Self-driving vehicles, as a revolution in mobility, are emerging and developing rapidly. However, public attitudes toward this new unproven technology are still uncertain. Given the significant influence of attitude toward a new technology on the intention to use it, the question arises as to why some people are in favor of this technology whereas others are not. Additionally, questions about the key attitudes influencing self-driving technology acceptance, where these attitudes come from, and how they interact with each other have not yet been addressed.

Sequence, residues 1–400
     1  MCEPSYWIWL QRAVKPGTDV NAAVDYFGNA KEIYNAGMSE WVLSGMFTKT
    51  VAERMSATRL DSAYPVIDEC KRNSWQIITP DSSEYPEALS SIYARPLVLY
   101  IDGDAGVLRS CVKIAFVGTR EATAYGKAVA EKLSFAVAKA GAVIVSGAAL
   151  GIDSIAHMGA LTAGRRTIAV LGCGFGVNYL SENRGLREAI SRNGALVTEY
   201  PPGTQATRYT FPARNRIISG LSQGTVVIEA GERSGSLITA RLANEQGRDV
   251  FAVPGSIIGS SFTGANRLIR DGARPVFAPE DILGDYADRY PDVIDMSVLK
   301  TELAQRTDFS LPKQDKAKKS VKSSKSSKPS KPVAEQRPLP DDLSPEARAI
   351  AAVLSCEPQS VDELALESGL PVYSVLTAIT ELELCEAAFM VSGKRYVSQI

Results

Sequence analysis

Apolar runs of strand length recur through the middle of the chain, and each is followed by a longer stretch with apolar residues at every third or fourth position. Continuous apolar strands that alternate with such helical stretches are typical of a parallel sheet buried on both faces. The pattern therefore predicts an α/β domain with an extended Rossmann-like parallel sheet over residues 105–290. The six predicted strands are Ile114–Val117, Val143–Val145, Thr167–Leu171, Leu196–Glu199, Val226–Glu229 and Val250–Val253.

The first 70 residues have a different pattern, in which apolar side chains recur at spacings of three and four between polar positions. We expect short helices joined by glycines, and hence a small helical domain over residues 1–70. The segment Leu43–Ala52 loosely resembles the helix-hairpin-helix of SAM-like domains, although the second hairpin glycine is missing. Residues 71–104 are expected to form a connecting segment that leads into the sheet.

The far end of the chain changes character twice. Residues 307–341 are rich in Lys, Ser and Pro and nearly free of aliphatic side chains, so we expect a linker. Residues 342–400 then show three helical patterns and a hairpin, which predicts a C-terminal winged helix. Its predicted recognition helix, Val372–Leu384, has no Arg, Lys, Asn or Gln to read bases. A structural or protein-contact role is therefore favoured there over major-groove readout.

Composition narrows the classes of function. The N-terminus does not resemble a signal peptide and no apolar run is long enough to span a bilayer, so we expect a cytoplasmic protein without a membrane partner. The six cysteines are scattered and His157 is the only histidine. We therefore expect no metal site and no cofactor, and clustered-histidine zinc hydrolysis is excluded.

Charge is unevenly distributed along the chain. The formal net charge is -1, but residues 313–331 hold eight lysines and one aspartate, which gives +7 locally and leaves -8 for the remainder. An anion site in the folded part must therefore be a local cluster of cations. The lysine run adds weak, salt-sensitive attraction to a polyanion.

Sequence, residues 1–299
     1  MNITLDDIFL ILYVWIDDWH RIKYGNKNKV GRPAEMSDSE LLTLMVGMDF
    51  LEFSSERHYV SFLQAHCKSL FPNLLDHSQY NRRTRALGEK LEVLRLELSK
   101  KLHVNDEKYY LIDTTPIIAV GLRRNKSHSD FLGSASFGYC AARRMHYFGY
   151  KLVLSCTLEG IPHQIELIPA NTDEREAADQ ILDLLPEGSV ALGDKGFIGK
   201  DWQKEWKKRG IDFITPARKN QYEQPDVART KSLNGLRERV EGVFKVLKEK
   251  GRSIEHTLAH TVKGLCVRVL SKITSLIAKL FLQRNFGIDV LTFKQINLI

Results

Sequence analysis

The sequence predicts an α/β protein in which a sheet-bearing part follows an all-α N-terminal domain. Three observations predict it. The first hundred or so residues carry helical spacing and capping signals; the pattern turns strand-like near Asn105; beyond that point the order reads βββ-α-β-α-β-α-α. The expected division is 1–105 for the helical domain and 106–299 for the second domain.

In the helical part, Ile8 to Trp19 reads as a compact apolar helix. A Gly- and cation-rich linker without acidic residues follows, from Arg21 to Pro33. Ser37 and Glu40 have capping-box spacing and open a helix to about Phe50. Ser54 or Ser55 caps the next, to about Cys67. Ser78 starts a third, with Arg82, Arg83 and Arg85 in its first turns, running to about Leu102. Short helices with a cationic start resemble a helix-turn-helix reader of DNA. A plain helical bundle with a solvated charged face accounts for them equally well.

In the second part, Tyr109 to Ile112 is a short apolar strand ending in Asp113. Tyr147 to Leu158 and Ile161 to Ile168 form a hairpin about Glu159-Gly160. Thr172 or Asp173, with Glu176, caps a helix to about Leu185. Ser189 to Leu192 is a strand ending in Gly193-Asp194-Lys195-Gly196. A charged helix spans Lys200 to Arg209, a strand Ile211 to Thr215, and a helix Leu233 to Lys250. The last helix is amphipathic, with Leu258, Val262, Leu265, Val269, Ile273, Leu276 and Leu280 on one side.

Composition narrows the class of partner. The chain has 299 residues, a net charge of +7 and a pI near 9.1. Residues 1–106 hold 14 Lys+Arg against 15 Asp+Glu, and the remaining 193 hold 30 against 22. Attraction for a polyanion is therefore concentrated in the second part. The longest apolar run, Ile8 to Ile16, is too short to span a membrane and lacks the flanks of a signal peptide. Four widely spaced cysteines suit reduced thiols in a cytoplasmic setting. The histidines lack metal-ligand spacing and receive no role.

This study aims to explore these research questions based on data collected from people who live or work in the West Village area of the University of California, Davis, campus after a self-driving electric shuttle was piloted in this area. structural equation modeling was employed to explore interactions between attitude elements. The results show that affect—i.e., liking or enthusiasm for self-driving shuttles—strongly explains the acceptance of self-driving technology. A higher level of affect could be formed by strengthening an individual’s trust. Additionally, trust works as an important mediator between perceived risk, usefulness, and ease of use on both affect and intention to ride self-driving vehicles. Perceived risk captured more security and functional concerns, reflecting uncertainty around current self-driving technology. The model identified important bi-directional influences between trust and affect. Significant effects of mental and physical intangibility were also shown, but each works differently on cognitive beliefs. Individuals’ socio-demographic, lifestyle, and mobility characteristics also exert influences on attitude and self-driving technology acceptance.
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